This post is a response to thatspiritualguide’s recent article, “Does the Bulge Make the Man?” I wholeheartedly agree with him that one does not need a penis to be a man – just witness the vast number of people with vaginas who identify as men and who are accepted as such among their friends, family, peers and coworkers. Furthermore, I also agree with him about the uselessness of ‘penis size’ as a barometer for one’s masculinity, as an indicator of how much of a man one is. This obsession with dick size is a purely arbitrary method of reducing people’s self-esteem. Indeed, in Ancient Greece, it was considered comical and embarrassing to have a large penis, while small penises were glorified in sculptures as the pinnacle of masculine beauty. Obsessions with penis size are time-bound, culturally-specific creations that, in reality, have none of the ‘absolute’, gender-defining characteristics that many men attribute to them.

But if penis size is no barometer of manliness, and if, in fact, one does not even need a penis to be a man, how do we define ‘men’? What are they, if not creatures with a penis? Thatspiritualguide suggests a definition that has potentially dangerous consequences. He claims that a man should be defined primarily by his ‘strength’: ‘Men, whatever body parts they have, possess a core of strength. They operate from strength. This is what allows them to tough it out, to be strong, to man-up.’ Thankfully, he avoids stereotypes of traditional masculinity, by pointing out that manly strength is not about driving fast cars, climbing the ladder of economic power, emasculating other men and bedding as many women as possible. Instead, thatspiritualguide suggests that a man’s strength should be measured by his sensitivity and generosity: ‘he cares for others. He is not afraid to cry at sad movies. While some of these characteristics may sound femmy at first, let me assure that any man who is secure in his maleness can and does do these things. And it makes him all the manlier because he can do them.’ Essentially, he suggests that strong men have the courage to be gender-flexible, to appropriate so-called feminine emotions and behaviors.

While thatspiritualguide’s refined manliness may seem reassuringly progressive at first (especially when compared to the violence and misogyny that permeates ‘traditional’ masculinity), it could have very negative consequences. As I outlined in my previous post, one of the principal demands of the hegemonic discourse on gender is that there must always be a difference between men and women. Often, this difference is defined as oppositeness. Hence, in the worse case scenario, defining men as ‘strong’ will lead, almost inevitably, to the notion that women are, in some way, weak. In the best-case scenario, it will lead to the idea that women have a different kind of strength, that they cannot be strong in the way that men are strong. Hence, we have images of ‘women’s strength’ that involve things like enduring severe multi-tasking (a job, taking care of children, housework), or staying in a marriage, despite a husband’s philandering behavior. Men and women are discursively defined as different (often diametrically opposed) creatures, and defining one gender in a particular way often leads to an inability to define the other gender in that way as well. Hence, the notion of strong men easily leads to the idea of ‘not-strong’ women…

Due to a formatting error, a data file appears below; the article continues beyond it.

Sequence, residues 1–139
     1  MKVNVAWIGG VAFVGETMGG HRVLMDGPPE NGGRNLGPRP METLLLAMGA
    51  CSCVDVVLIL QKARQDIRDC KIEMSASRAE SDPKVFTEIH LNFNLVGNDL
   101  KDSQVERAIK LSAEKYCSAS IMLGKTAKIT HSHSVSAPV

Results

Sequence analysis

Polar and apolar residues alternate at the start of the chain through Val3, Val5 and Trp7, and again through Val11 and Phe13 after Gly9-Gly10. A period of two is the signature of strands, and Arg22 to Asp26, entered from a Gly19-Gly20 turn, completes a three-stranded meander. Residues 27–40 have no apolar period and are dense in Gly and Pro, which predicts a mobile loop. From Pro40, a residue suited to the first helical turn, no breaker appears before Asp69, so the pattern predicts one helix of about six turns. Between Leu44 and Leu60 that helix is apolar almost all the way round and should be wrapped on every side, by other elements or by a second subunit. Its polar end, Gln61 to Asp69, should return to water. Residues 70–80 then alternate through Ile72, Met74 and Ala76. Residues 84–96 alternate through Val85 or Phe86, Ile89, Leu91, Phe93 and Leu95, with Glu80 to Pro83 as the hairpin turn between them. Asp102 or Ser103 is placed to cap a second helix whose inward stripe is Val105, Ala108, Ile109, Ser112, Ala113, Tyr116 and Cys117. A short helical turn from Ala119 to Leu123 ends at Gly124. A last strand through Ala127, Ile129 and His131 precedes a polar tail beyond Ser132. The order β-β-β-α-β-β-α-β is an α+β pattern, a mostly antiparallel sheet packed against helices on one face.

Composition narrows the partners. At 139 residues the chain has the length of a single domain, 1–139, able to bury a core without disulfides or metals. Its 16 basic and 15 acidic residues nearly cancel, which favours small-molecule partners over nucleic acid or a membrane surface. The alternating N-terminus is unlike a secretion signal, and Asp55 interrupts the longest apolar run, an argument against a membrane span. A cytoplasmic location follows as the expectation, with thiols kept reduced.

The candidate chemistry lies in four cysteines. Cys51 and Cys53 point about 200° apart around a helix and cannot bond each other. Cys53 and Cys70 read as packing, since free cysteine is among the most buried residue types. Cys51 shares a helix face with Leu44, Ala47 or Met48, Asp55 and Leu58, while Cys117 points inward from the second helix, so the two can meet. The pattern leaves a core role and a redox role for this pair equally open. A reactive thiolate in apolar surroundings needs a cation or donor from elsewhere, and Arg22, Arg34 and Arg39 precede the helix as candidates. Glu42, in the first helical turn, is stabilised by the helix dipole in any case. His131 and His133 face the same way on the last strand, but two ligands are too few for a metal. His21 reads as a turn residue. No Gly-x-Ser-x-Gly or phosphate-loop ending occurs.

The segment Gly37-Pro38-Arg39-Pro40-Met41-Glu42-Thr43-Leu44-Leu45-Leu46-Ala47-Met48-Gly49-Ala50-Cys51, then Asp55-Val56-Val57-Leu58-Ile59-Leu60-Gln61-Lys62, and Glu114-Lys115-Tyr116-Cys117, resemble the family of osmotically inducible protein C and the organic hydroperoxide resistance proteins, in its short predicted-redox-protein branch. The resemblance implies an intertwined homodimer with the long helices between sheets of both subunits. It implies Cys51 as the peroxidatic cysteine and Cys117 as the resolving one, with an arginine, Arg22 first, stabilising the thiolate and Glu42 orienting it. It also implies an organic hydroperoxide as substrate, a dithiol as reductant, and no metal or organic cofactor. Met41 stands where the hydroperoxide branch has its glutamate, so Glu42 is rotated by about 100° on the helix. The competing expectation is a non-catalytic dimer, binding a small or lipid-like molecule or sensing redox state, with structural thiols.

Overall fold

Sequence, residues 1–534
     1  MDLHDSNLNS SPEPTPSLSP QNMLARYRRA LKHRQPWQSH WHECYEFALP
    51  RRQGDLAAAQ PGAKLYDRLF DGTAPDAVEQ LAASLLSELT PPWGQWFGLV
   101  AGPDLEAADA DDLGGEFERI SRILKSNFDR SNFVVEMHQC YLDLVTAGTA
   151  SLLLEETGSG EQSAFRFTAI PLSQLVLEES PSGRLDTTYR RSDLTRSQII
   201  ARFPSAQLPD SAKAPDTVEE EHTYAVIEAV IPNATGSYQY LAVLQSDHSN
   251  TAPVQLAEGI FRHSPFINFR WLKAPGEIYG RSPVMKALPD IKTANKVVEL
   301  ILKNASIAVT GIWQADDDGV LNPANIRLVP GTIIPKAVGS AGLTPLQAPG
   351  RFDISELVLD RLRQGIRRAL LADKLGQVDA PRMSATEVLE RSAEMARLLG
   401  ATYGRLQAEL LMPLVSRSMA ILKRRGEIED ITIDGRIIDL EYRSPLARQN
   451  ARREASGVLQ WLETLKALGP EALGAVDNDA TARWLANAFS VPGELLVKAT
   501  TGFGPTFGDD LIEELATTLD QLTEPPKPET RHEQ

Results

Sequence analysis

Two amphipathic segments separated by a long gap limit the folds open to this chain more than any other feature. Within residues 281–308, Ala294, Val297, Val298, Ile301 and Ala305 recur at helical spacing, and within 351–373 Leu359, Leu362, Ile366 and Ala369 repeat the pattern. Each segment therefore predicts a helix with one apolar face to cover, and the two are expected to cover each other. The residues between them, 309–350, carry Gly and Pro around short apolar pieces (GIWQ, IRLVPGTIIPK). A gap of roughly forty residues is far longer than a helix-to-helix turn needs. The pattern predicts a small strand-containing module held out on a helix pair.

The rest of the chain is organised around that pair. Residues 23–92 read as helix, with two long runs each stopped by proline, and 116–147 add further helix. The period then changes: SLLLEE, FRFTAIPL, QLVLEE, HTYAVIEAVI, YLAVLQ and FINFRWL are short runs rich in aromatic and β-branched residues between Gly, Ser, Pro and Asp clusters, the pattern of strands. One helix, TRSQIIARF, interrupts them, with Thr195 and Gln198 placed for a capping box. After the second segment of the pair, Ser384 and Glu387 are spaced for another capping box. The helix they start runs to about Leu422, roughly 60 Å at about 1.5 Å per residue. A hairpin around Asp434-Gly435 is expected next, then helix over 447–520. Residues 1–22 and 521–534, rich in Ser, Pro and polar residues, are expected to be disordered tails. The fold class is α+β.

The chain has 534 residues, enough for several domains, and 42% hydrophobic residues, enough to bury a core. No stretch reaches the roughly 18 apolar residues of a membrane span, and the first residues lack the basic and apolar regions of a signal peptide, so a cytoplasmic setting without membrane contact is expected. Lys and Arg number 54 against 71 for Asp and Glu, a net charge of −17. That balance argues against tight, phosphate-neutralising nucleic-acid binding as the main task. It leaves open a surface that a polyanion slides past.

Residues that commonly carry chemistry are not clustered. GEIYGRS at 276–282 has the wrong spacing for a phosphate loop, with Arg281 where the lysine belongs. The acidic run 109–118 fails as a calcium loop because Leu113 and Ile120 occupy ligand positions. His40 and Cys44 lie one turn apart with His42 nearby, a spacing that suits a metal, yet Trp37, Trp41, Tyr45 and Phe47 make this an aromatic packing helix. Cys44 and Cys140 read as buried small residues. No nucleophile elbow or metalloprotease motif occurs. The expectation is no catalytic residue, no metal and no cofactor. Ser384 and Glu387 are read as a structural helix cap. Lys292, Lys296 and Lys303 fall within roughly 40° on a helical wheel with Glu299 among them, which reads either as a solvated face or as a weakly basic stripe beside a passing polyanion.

So if any attempt to define men could have negative implications for women – and vice versa – how do we define our two genders? What ‘are’ men and what ‘are’ women? An interesting option is presented in Tom Boellstorff’s article, “Playing Back the Nation”. Through an analysis of a particular transgender population in Indonesia, Boellstorff suggests that it is possible to open up the category ‘man’ to such an extent that it almost becomes meaningless and can incorporate an exceptionally broad range of behaviors and identities. He documents how the waria (a trans population in Indonesia who dress like women and take on ‘feminine’ roles in society) are still considered as ‘men’ in society and mostly identify as ‘men’ themselves. Thus, the article opens up the possibility that we may define ‘men’ in such a broad way, that the very term becomes almost utterly meaningless.

Who are men? They are strong, they are weak, they are smart, they are thick… some wear lipstick, other’s don’t, some are pricks, some are nice, some have dicks, others don’t… Men are a chaotic mess, akin to a Jackson Pollock piece – full of contrasts, contradictions and similarities. Any definition of what it means to be a man will never suffice.

***For More Information***
Definitely have a look at thatspiritualguide’s post, as well as the Boellstorff article. Otherwise, all I can do is recommend the usual: Judith Butler, Riki Wilchins, and Michel Foucault. Also, for more on penis size, have a look at the following Wikipedia article:

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